Her luminous pre-existential entity, issuing from the divine light thousands of years before the creation of the world, devoted itself to the praise of God while circumambulating the divine throne. [6] Her name, like those of all the people of the mantle, was derived from a divine name. [7] She was present in the light of the fourteen impeccable ones when it was placed in Adam’s loins (solb). It was because of this light that angels were ordered to prostrate themselves before him. [8] Among the names God taught to Adam [9] were those of the people of the mantle, including that of Fatima. [10]

Birth[edit | edit source]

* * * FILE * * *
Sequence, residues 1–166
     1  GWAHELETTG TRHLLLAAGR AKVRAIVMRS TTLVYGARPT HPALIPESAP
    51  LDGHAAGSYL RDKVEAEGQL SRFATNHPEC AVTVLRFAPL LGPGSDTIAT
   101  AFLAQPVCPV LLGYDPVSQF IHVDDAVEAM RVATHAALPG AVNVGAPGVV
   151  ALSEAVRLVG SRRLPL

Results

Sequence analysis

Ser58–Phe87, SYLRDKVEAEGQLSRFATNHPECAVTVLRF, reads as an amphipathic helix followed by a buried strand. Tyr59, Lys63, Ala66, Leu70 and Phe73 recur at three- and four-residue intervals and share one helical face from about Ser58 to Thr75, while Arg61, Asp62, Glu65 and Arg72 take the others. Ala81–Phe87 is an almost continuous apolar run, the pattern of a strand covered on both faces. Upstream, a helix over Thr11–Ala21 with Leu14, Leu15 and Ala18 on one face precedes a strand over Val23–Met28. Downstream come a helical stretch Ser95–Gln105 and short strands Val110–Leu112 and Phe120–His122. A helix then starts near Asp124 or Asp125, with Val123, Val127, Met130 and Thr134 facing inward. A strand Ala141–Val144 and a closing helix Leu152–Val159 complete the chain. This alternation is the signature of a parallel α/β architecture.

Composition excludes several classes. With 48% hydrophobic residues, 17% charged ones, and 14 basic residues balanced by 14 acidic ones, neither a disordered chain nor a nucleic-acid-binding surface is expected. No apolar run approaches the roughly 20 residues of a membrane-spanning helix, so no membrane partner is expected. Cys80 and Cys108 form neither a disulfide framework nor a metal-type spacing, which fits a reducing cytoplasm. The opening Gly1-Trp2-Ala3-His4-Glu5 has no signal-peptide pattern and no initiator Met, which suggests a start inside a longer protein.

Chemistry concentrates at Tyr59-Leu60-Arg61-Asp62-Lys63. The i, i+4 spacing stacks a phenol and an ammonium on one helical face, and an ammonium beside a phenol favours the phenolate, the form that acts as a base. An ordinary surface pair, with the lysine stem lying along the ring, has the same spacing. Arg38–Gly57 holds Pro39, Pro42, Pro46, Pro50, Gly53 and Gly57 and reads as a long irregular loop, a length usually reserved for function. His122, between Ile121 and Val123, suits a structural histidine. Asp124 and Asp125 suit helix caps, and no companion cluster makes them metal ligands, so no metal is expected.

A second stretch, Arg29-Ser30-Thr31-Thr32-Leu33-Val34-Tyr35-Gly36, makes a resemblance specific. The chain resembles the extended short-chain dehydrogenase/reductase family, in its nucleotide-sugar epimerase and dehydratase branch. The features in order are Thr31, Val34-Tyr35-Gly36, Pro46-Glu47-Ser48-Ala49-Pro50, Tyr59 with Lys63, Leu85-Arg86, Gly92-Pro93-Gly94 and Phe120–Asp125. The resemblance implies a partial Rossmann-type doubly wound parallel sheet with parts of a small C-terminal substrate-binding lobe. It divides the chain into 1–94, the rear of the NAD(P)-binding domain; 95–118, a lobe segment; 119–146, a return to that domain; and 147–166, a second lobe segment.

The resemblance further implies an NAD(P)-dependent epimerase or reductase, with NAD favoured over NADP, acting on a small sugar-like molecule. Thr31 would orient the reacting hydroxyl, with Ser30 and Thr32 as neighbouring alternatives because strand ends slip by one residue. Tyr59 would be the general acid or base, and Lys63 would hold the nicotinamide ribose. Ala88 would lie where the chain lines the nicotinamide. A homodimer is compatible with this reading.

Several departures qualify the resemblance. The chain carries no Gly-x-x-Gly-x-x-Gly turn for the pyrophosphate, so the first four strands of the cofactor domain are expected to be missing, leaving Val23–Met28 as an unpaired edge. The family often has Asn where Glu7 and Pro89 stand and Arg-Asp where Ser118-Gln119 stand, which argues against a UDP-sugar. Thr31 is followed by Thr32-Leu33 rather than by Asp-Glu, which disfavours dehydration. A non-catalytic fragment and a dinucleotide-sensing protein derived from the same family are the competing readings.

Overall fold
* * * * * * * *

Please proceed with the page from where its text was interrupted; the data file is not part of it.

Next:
Her conception and birth were miraculous. Her origin was in a fruit from paradise, often identified as an apple or a date, that Muhammad had eaten during one of his ascensions and that had become “the water of his loins”. [11] According to one tradition, this fruit had previously been touched by the sweat and a plume from the wing of the angel Gabriel. [12] It was for this reason that the Prophet always said that Fatima was a celestial being in human form (huraʾ ensiya), that she emitted the perfume of paradise, and that she had a name in heaven (usually Mansura). Fatima spoke with her mother while still in the womb. All the most pious women recognized from pre-Islamic religions were present at her birth, namely, Sarah, Asia, Sephora (Safuraʾ), and especially Mary the mother of Jesus. [13] These names are often linked with that of Fatima, and parallels with Mary are particularly frequent, parallels emphasized by Massignon in all his works on Fatima. [14] Yet Fatima’s superiority to other women is always underscored. She is given the epithet “the Great Lady/the Best of Free Women”. [15] At her birth Fatima pronounced sacred formulas and announced future events; the world was bathed in light. [16]